We are empowered to call security – Modise

2015-02-13 08:28
Thandi Modise

Thandi Modise

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Parliament - National Council of Provinces chairperson Thandi Modise has justified the decision to eject the EFF from Parliament during Thursday’s State of the Nation address, claiming the house is ‘empowered’ to call security.

Protest and violence overshadowed President Jacob Zuma's state-of-the-nation address on Thursday night as the Economic Freedom Fighters carried out their threat to confront him on misspending on his Nkandla home.

As riot police dragged EFF MPs out of the chamber and down the corridor after the party interrupted President Jacob Zuma’s speech, the Democratic Alliance walked out and accused the ANC of becoming as oppressive as the apartheid regime.

National Council of Provinces chairperson Thandi Modise, however, justified the presiding officers' decision to eject the EFF by force.

"We are also empowered... to ask for security - whichever security - to act... I think we should allow this house to do its business," Modise said.

‘They moered me’

EFF party leader Julius Malema was defiant following his party’s ejection from Parliament, speaking on the steps of the house.

"Whether they beat us or not, we'll continue to ask relevant questions," Malema told reporters in drizzling rain, the T-shirt under his red overall torn at the neck.

"We have seen that we are part of a police state where when people are unable to give political answers, political solutions to political problems, they resort to security apparatus and we've always said the ANC has sent South African into a security state, so today it was confirmed."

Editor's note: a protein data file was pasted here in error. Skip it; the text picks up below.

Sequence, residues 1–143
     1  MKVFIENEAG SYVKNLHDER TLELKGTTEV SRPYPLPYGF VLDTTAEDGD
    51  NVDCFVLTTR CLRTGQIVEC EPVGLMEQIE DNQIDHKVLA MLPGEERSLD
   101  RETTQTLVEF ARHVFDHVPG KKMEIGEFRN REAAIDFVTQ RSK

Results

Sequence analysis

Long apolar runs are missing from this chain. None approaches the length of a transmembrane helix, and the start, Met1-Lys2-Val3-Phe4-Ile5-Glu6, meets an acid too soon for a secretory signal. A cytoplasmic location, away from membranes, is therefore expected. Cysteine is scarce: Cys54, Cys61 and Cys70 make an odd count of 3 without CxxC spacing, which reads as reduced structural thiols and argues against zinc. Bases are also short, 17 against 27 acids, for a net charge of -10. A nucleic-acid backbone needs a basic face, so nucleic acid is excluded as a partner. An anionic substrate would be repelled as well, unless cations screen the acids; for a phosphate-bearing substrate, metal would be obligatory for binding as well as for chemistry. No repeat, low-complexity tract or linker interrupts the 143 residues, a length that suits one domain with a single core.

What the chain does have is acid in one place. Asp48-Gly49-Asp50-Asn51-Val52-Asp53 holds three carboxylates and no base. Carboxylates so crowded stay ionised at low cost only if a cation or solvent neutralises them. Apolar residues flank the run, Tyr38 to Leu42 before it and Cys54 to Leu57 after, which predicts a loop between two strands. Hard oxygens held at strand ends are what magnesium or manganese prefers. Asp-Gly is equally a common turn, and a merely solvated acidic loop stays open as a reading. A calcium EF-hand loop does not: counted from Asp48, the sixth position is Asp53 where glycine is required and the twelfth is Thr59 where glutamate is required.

Fifteen minutes earlier punches and hard hats flew as police surrounded the EFF benches after Malema, Chief Whip Floyd Shivambu and spokesperson Mbuyiseni Ndlozi defied orders from Speaker Baleka Mbete to leave the chamber.

"The grabbed [Godrich] Gardee first, they hit him," Western Cape EFF leader Bernard Joseph said moments after the brawl in which he took several blows as well, while his colleague Emmanuel Mtuleni said he was punched in the face.

"They moered me."

‘Pay back the money’

The trouble began soon after Zuma took to the podium as Gardee rose on a point of order, demanding: "May we ask the president when he will pay back the money in terms of what the public protector had said?"

Mbete allowed questions from Shivambu and then a belligerent Malema, who made it plain that he would not rest until Zuma had answered the question the EFF first put to him on 21 August.

She told him to leave and then invoked the Powers and Privileges Act, first calling in protection staff and then security officials. Moments later police surrounded the EFF benches, and fighting began in an echo of the chaos of 13 November - the first time in history that riot police had entered the chamber.

Ndlozi, who said he was briefly throttled, said he believed the EFF had managed to deliver the comment it wanted about Zuma's leadership while Shivambu commented: "Next time we will come armed."

Focus on energy, land redistribution

Meanwhile, Zuma focused on energy and land redistribution as key priorities while warning that country's aim of achieving a growth target of five percent in 2019 where at risk.

He said stabilising Eskom's finances was a priority and acknowledged that the supply disruptions "are an impediment to economic growth, and are a major inconvenience to everyone in the country".

Zuma said government had a nine-point plan to "ignite growth and create jobs".

This also included revitalising agriculture, advancing the beneficiation of minerals and encouraging private sector investment. Calling land a critical factor in achieving redress for the wrongs of the past, he said foreigners would soon no longer be allowed to own land in South Africa but instead be eligible for long-term lease.

"In this regard, the Regulation of Land Holdings Bill will be submitted to Parliament this year," he said to applause from the ANC benches.

The new legislation would overhaul the tenets of redistribution and introduce a ceiling of land ownership of a maximum of 12 000 hectares.

"Once implemented the law will stop the reliance on the willing buyer-willing seller method in respect of land acquisition by the state."

Read more on:    da  |  anc  |  eff  |  baleka mbete  |  jacob zuma  |  julius malema  |  thandi modise  |  cape town  |  state of the nation 2015  |  parliament 2015

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